Characteristics and prevalence of orofacial pain as an initial symptom of oral and oropharyngeal cancer and its impact on the patient's functionality and quality of life


      To evaluate the prevalence and characteristics of orofacial pain in oral and oropharyngeal cancer (OOC), at diagnosis.

      Material and Methods

      a) Study group (SG; n = 74) patients with cancer were divided into 2 subgroups: oral cancer (OC) and oropharyngeal cancer (OPC); b) control group (CG; n = 74) patients within dental care.

      Study Design

      An Orofacial Pain Assessment, verbal descriptive scale, Helkimo dysfunction index, Quality of Life questionnaire, and Karnofsky performance status (KPS) was used for evaluation.


      The mean age was 58.46 years (79.7% male) in SG, 58.61 years (20.3% male) in CG. The pain within the SG was indicated by the following: prevalence = 91.9% (21.6% in stages 0, I, or II; 70.3% in III or IV); reason for seeking care = 50.1%; main complaint = 55.4%; most important issue in the past 7 days = 74.3%; breakthrough-like pain = 64.9%; main features: chewing or swallowing as triggering factors, wake up patient, variable duration, independent of daytime, multiple descriptors, and earache. The following indexes were worse within the SG: clinical dysfunction, quality of life, and KPS. In addition, the OC subgroup reported toothache-like pain and burning; whereas the OPC subgroup reported heavy swallowing as triggering factor, throat as location, and a bilateral earache.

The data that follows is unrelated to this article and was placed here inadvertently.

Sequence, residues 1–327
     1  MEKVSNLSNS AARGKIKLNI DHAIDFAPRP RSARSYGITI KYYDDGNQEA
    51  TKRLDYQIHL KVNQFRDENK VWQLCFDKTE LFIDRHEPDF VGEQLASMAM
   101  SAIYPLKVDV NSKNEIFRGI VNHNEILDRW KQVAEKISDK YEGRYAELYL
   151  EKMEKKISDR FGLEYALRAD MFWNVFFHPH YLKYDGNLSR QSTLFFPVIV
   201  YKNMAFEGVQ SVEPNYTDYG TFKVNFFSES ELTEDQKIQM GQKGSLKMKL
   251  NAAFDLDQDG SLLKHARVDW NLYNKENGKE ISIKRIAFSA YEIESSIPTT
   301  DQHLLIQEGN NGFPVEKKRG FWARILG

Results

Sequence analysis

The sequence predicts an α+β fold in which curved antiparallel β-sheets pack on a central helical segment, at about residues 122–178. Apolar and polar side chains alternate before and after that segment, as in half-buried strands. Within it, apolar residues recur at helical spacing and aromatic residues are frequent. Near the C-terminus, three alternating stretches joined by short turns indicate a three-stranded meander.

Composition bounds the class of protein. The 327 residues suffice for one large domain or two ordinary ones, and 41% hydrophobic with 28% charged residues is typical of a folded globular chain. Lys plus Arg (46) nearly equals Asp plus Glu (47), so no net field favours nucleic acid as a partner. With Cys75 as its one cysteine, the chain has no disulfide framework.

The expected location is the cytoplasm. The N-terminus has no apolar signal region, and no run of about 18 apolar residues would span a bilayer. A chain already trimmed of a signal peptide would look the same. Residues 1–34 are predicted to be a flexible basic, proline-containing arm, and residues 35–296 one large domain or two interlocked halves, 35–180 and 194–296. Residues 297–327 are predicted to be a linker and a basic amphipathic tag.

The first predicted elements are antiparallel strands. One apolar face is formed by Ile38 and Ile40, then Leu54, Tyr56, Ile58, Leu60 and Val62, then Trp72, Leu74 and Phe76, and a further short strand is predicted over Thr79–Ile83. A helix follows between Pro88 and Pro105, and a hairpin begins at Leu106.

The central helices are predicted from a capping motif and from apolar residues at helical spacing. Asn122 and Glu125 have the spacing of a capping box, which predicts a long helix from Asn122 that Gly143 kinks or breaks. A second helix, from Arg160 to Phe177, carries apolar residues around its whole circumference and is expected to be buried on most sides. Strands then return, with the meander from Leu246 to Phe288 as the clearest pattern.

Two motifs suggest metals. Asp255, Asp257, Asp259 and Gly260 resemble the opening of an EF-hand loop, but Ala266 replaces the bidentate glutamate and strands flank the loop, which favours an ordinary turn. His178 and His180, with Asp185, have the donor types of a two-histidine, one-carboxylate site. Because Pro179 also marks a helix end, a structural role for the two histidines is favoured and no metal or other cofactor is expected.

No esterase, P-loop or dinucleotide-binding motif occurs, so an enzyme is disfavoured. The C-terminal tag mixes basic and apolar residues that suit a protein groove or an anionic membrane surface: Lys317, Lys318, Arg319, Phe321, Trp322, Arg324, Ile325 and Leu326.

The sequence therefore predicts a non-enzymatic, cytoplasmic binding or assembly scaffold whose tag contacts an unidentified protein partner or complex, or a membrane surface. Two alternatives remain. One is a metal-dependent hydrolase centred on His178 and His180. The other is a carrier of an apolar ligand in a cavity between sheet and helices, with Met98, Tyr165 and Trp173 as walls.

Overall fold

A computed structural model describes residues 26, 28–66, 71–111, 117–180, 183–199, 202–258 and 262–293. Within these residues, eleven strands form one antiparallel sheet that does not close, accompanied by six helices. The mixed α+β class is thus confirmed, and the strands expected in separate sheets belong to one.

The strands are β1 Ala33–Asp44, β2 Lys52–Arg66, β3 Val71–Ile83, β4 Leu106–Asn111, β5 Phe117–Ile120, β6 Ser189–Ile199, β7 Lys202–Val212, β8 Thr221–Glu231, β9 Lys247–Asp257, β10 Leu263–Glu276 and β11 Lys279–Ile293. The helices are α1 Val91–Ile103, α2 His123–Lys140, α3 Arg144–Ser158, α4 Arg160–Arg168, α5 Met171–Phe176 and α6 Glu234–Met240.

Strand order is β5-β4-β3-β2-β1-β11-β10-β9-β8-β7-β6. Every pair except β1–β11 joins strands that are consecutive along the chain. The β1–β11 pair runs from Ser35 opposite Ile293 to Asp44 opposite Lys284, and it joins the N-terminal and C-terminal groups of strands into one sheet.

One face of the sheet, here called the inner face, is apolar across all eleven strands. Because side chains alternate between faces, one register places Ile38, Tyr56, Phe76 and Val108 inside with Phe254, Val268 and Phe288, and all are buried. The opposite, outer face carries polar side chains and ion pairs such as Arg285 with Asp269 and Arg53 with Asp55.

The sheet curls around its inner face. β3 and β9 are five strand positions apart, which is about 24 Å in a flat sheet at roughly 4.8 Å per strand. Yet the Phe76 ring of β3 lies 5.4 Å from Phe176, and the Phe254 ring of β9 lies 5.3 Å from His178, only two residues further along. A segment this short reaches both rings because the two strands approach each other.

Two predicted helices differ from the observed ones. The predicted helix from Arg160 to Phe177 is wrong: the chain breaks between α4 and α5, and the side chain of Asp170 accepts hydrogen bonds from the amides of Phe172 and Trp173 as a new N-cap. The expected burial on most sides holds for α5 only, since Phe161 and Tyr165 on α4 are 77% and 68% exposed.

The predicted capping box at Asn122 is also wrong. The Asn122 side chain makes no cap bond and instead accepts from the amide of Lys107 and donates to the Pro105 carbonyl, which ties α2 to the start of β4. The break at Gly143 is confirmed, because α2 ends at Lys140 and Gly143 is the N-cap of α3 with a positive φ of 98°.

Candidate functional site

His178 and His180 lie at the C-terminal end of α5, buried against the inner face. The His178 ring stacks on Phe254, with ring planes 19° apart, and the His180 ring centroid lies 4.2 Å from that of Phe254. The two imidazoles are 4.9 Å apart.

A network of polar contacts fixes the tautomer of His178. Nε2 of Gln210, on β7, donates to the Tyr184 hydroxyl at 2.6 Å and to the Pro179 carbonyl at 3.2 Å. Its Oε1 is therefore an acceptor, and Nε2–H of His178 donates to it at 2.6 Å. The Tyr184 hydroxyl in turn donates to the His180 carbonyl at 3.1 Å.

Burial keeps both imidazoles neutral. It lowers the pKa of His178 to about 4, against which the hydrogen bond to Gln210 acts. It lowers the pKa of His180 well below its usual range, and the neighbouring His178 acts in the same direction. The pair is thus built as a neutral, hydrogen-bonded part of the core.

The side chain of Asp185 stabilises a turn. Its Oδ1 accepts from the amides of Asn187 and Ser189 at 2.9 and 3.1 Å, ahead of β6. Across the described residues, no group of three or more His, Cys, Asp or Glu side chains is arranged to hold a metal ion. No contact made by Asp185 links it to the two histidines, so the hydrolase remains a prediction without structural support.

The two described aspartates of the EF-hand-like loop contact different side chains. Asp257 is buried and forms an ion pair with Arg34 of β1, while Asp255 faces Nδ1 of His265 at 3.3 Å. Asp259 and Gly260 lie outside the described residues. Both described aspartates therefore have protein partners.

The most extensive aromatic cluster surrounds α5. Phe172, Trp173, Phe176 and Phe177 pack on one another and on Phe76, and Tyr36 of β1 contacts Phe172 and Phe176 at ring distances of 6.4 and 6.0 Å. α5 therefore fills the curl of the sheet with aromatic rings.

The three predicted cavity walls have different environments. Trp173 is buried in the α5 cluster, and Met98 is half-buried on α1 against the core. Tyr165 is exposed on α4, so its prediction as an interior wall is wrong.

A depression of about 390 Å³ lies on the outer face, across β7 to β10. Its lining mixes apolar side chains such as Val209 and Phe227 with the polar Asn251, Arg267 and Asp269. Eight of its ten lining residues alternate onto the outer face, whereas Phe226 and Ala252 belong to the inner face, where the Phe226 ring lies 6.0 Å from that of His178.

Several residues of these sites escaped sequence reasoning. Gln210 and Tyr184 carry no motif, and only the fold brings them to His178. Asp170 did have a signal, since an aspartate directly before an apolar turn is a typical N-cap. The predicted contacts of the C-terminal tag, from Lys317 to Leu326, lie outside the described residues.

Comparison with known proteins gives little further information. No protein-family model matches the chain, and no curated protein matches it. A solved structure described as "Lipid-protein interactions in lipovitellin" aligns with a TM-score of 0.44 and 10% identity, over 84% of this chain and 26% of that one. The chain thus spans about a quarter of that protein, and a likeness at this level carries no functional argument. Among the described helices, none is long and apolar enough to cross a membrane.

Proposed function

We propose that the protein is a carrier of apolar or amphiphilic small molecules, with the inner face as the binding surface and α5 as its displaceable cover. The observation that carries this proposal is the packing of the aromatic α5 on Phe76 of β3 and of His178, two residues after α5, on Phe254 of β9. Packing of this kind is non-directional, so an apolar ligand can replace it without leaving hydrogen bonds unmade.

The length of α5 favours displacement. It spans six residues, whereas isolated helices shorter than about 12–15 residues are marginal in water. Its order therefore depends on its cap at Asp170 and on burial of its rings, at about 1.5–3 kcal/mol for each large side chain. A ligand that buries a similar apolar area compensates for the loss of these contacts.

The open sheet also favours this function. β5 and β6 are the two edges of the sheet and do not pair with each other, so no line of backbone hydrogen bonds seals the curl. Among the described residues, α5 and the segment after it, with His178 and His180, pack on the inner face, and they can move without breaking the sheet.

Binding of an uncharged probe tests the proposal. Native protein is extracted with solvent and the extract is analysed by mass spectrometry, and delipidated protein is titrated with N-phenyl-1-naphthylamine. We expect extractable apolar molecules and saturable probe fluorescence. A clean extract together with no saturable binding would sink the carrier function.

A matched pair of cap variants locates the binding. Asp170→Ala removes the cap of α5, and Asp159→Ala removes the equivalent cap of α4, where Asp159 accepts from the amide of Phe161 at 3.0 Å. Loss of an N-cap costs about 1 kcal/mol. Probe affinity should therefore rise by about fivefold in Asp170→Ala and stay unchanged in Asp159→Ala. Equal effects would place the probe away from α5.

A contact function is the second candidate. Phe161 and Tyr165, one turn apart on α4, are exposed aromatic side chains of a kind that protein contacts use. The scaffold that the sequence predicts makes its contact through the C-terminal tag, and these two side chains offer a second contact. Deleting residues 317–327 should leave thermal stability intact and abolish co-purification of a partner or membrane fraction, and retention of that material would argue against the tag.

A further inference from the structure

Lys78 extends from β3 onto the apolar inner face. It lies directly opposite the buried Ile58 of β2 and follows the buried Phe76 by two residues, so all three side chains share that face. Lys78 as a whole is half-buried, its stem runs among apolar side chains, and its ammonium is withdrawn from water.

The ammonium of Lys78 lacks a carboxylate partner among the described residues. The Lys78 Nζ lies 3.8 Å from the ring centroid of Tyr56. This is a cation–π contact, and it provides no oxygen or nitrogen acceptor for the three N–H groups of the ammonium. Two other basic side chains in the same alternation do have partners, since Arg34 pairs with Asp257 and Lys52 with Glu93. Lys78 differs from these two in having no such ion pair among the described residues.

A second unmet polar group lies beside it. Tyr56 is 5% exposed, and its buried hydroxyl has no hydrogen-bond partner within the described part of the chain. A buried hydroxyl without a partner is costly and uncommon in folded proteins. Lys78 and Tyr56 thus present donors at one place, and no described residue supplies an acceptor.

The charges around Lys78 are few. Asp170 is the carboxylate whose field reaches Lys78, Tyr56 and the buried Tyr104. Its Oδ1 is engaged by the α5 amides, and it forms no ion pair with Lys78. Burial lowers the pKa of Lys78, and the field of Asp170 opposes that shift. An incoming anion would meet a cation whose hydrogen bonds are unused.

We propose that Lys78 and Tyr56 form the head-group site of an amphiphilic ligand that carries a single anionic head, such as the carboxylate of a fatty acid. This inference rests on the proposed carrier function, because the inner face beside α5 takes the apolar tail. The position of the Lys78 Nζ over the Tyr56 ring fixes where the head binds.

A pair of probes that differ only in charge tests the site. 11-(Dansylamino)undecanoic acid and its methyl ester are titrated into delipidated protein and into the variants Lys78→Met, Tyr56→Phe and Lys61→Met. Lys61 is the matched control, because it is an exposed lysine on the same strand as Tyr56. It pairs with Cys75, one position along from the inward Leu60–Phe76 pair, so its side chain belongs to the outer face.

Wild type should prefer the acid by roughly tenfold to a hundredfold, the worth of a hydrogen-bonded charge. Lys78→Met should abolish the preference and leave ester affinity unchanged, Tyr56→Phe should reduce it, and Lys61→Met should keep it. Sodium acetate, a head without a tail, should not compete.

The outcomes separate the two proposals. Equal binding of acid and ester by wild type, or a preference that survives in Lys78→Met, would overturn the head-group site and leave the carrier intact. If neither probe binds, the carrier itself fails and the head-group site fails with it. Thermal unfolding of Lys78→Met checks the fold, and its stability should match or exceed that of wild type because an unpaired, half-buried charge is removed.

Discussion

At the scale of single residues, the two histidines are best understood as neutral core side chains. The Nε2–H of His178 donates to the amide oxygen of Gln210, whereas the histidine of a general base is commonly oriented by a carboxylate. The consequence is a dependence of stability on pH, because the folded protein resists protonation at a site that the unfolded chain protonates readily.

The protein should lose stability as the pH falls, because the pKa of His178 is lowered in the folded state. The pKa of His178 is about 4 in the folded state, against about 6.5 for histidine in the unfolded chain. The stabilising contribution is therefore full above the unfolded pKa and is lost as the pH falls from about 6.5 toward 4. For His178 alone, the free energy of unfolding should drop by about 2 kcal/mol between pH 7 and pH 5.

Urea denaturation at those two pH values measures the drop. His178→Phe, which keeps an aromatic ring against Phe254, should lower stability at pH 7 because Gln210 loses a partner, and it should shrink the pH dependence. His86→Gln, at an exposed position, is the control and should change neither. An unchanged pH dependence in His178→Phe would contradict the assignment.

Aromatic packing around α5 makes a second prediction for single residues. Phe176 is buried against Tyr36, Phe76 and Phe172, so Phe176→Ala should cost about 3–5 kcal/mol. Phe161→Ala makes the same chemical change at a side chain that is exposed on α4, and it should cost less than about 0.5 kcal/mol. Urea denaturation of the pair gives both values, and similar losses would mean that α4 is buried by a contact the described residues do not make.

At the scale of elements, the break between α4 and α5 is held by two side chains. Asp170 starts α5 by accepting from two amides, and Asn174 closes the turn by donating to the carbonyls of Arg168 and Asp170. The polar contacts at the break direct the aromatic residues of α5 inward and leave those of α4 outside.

At diagnosis, orofacial pain, including breakthrough-like pain, was prevalent in patients with OOC, and the pattern was heterogeneous. Predominantly, the pain was moderate to severe, related to stage of cancer, and already compromising the patients’ quality of life and functionality.
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